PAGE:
Smithsonian 3D Museum Artefacts

Via an O’Reilly Radar / Four short links post (via my RSS reader, obvs…), I learn about the Smithsonian Open Access site (and from that I remember I used to love the whole GLAM / open api thang. Why did I ever stop playing around with that stuff?)

One area of the site provides a view over datasets (lots of weather/meteorology data?!), another access to 3D models (though no models of skeleton clocks that I could see, as yet?!).

The 3D model viewer — Voyager — is open source (smithsonian/dpo-voyager) and available as a standalone or embedded web component.

There’s also a tool and workflow for creating a “story” around a 3D model that lets you:

  • set the pose of the object;
  • capture a 2D rendering of the object;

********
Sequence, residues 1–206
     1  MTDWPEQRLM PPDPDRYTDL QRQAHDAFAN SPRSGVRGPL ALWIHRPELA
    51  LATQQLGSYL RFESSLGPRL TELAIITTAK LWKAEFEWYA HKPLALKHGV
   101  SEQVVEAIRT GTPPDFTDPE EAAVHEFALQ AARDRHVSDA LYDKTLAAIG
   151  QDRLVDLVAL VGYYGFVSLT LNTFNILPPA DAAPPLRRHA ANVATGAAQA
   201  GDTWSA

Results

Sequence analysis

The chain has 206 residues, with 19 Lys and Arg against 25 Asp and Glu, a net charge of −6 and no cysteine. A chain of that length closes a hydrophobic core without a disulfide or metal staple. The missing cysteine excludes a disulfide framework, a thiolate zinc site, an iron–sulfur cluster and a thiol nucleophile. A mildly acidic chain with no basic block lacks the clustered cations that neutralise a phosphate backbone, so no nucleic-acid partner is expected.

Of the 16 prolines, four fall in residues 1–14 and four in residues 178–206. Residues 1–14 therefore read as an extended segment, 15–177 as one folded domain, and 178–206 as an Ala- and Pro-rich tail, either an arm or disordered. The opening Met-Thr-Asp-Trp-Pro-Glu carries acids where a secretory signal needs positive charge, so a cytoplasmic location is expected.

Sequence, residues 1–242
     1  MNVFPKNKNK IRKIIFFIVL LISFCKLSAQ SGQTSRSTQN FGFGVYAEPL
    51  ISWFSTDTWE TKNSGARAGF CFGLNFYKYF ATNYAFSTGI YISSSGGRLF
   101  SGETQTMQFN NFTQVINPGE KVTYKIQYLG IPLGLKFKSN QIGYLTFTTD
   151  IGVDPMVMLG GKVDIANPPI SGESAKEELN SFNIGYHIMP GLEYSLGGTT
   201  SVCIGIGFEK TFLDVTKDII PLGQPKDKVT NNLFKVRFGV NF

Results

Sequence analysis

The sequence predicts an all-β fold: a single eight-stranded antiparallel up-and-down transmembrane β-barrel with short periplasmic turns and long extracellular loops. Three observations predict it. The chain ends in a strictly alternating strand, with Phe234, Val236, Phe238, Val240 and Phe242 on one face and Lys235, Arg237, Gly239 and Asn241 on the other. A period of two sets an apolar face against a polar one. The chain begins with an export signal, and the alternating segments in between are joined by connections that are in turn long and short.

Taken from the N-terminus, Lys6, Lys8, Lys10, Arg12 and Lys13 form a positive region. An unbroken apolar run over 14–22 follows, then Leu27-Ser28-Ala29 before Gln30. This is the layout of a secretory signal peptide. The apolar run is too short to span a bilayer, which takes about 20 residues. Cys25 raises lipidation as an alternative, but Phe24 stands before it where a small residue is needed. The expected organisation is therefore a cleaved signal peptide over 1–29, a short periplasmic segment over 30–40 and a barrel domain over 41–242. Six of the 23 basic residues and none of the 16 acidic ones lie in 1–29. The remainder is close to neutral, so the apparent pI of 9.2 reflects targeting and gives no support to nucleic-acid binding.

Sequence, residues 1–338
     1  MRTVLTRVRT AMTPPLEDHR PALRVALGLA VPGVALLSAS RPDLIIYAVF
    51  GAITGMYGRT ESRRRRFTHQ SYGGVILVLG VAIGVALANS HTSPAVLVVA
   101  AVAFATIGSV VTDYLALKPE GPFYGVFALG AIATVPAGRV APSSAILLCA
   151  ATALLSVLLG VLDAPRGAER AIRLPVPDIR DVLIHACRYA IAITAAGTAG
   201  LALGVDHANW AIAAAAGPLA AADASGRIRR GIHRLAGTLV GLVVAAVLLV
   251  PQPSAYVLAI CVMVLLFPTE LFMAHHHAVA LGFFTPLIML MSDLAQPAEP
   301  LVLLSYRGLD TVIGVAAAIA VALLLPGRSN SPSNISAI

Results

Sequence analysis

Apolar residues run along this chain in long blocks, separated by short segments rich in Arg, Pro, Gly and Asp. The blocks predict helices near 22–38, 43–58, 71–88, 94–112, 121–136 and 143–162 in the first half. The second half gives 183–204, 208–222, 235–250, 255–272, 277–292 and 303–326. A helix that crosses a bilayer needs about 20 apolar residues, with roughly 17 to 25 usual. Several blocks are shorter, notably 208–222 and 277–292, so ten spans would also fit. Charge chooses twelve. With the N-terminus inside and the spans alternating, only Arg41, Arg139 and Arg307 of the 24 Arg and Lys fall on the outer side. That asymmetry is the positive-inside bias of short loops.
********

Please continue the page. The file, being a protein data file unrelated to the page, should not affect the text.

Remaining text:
• tweak background settings;
  • annotate the model in 3D space;
  • associate an HTML article with an object so it can be displayed alongside the object in an intergrated view;
  • create an interactive tour that provides “an animated walk through a Voyager scene [consisting of] a number of steps”.

The document JSON based SVX format used by the Smithsonian Voyager “resembles glTF, the standard for serving 3D scenes on the web”.

This might be really interesting thing to explore in the context of refreshing some OpenLearn materials?

PS by the by, following through on some of the glTF stuff, I come across this gallery of glTF models — Sketchfab — and some models from the University of Exeter:  exeterdigitalhumanities. Good to see an HEI getting their warez into public spaces…

Author: Tony Hirst

I'm a Senior Lecturer at The Open University, with an interest in #opendata policy and practice, as well as general web tinkering...

2 thoughts on “Smithsonian 3D Museum Artefacts”

  1. That is great. We did something v. early in U116 with a virtual museum cabinet and 360 photos. Lovely stuff at the time. Would be good to update it with this sort of tool

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